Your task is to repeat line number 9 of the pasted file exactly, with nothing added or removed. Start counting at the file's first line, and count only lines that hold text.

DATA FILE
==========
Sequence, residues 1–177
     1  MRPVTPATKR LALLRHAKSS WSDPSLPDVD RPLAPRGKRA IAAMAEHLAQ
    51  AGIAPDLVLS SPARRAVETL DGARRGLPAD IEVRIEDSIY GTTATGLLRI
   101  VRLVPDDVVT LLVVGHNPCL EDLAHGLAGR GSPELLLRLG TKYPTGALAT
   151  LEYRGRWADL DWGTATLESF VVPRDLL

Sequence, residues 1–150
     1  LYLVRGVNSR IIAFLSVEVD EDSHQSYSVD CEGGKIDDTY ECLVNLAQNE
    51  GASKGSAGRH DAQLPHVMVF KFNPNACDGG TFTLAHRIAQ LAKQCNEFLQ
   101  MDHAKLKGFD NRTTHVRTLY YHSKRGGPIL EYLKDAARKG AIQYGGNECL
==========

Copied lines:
   101  MDHAKLKGFD NRTTHVRTLY YHSKRGGPIL EYLKDAARKG AIQYGGNECL